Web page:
Leon Rucker has that rarity: an upbeat Holocaust story.
Though he was a hidden Jewish child during World War II, his memories are positive, even pleasant. Sheltered by a loving Catholic family in the French countryside, Rucker has no painful recollections of midnight knocks at the door, none of anguish at the possibility of being discovered and betrayed, and no memories of food shortages, deprivations and fear.
“I was treated very well, and I have wonderful memories of those times,” said the soft-spoken 77-year-old Thornhill resident, a retired engineer and a founder of Beth Avraham Yoseph of Toronto Congregation.
Even so, dangers persisted for the Langlois family, the French clan who sheltered the young Rucker on their farm in the tiny village of Néret, about 300 kilometres south of Paris, from 1942 to 1944.
That’s why, on Feb. 17, members of the Langlois family will be designated Righteous Among the Nations by Yad Vashem, Israel’s Holocaust memorial and education centre.
Making the journey to Néret for the ceremony to honour his rescuers are Rucker, his wife Patricia (a former editor of The CJN), their son Simon and two granddaughters, one of whom, Shoshana, 10, is named for Suzanne Langlois, who effectively acted as a surrogate mother to Leon. Suzanne and her parents, Eugène and Alexandrine Langlois, are being honoured posthumously.
Accepting the honour on their behalf will be Gisèle Langlois Royer, now almost 90, Suzanne’s last surviving sibling and the youngest of the Langlois’ six children.
Rucker smiles when he says the ceremony is taking place in the village’s “Salle des Fêtes,” which was once the one-room schoolhouse he attended as a child.
Born in Paris in 1937, Rucker has faint memories of hearing air-raid sirens and seeing German soldiers, who marched into the French capital in June 1940. His father, Nathan, was a furrier and was married to Léa. The family enjoyed a comfortable life.
But France was split. The northern zone was Nazi-occupied, while the south, called Vichy, enacted harsh anti-Jewish laws. However, the southeastern city of Nice came under Italian control, which was far less oppressive. As a result, thousands of Jews took refuge there, including the Rucker family.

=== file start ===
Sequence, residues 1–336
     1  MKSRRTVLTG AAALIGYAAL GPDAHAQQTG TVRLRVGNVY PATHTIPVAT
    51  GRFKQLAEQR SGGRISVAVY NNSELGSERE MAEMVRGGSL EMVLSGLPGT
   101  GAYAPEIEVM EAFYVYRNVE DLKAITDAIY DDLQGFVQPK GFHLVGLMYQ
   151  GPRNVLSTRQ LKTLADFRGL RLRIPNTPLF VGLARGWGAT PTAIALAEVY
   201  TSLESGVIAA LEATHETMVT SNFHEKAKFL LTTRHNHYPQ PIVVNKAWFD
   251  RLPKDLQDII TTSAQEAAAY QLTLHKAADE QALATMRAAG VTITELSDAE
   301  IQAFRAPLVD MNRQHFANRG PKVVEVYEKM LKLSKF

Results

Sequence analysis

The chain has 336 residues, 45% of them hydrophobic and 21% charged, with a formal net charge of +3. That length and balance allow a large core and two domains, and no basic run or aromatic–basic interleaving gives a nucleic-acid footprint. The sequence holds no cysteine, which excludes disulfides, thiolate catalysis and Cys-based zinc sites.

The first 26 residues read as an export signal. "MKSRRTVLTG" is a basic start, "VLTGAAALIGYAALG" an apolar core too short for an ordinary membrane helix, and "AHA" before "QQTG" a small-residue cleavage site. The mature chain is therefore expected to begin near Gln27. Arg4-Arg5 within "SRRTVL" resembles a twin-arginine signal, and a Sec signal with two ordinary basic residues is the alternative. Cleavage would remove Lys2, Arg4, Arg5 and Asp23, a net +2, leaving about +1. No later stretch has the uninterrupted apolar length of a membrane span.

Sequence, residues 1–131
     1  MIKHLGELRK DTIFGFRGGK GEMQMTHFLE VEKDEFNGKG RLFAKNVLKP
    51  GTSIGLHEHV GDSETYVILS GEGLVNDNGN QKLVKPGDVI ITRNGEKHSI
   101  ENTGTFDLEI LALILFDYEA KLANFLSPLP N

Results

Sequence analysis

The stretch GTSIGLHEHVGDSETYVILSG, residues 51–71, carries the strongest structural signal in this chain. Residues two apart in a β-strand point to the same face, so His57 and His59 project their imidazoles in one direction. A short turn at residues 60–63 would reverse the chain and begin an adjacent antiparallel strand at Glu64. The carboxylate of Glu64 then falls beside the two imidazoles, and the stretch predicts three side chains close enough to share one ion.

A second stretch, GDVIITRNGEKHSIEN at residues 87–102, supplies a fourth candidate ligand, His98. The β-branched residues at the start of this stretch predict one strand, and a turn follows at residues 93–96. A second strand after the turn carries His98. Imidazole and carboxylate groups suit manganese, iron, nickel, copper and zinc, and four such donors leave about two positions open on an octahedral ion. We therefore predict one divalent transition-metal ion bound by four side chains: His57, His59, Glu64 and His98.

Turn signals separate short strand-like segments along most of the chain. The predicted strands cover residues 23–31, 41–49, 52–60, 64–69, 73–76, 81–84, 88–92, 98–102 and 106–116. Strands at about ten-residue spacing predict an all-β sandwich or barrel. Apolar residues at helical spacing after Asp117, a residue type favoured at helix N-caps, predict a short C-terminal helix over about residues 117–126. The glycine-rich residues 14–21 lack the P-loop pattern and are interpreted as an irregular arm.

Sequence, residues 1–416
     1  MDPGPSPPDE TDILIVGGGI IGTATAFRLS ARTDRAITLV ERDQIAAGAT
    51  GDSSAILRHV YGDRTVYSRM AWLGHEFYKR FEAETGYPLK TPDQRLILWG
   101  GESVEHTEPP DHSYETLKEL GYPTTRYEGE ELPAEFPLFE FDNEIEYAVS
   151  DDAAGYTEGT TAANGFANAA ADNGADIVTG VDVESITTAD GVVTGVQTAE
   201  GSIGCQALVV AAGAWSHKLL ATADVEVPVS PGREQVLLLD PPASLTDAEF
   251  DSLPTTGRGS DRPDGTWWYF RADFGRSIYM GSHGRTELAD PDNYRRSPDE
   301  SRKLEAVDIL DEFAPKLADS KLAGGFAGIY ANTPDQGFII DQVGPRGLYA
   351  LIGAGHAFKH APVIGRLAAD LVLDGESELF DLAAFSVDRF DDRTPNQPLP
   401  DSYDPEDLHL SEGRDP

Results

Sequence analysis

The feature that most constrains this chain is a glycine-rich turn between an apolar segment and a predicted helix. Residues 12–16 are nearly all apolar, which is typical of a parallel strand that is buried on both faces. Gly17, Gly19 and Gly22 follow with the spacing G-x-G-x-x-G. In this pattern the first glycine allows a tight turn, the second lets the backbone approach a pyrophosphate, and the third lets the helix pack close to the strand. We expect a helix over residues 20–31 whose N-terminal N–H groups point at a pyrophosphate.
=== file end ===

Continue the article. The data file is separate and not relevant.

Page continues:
For two years, “we lived very peacefully” in Nice, Rucker says.
But things became tense when the Allies invaded North Africa in November 1942. “My parents knew that sooner or later, they would have to go into hiding.”
By then, Leon’s uncle had taken refuge in the village of Néret, but the local reeve refused more Jews. So the uncle asked a local family whether they could take in a little Jewish boy from Paris. They immediately agreed, and in late 1942, Suzanne Langlois arrived in Nice to collect five-year-old Leon.
Suzanne was unmarried and in her 30s. “I became like a son to her,” Rucker recalls. He attended school and spent many happy days on the farm. “I kept my name. People didn’t ask too many questions. If they asked, I was ‘le petit Parisien.’ Some of them might have known I was Jewish, but they didn’t want to get involved. Most people were neutral.”
As for the Langlois family, they were firmly on the political left, anti-clerical and opposed the Vichy regime. Leon was never passed off as a Catholic. They fed and clothed the lad, who kept in touch with his parents via mail. Leon remembers hearing the sound of bridges being blown up by the French Resistance.
The situation lasted until September 1944, when he was reunited with his parents, who had narrowly escaped deportation while living in Lyon. The family returned to Paris to find someone had occupied their apartment, which they were then forced to share. But Rucker’s father became a currency trader on the black market, and the family prospered anew. However, all their relatives in Poland had perished in the Holocaust.
Rucker would return to the farm to visit the Langlois family regularly. In 1954, he came to Canada, where he met his wife, and they had three children.
Gisèle Langlois has no children. But members of the family still live in Néret (population 200) in the original farm compound, and a grandson still farms the Langlois land. A number of other grandchildren and great-grandchildren in the area plan to attend the ceremony.
The specially struck medal and certificate will be presented by a representative of the Israeli Embassy in Paris.
Rucker concedes he did not begin the work of having the Langlois family recognized as Righteous until only a few years ago because of other commitments. He also recognizes that his tale is different from those of most others who were hidden as children during the war.
“For me personally,” he says, “it’s a happy story.”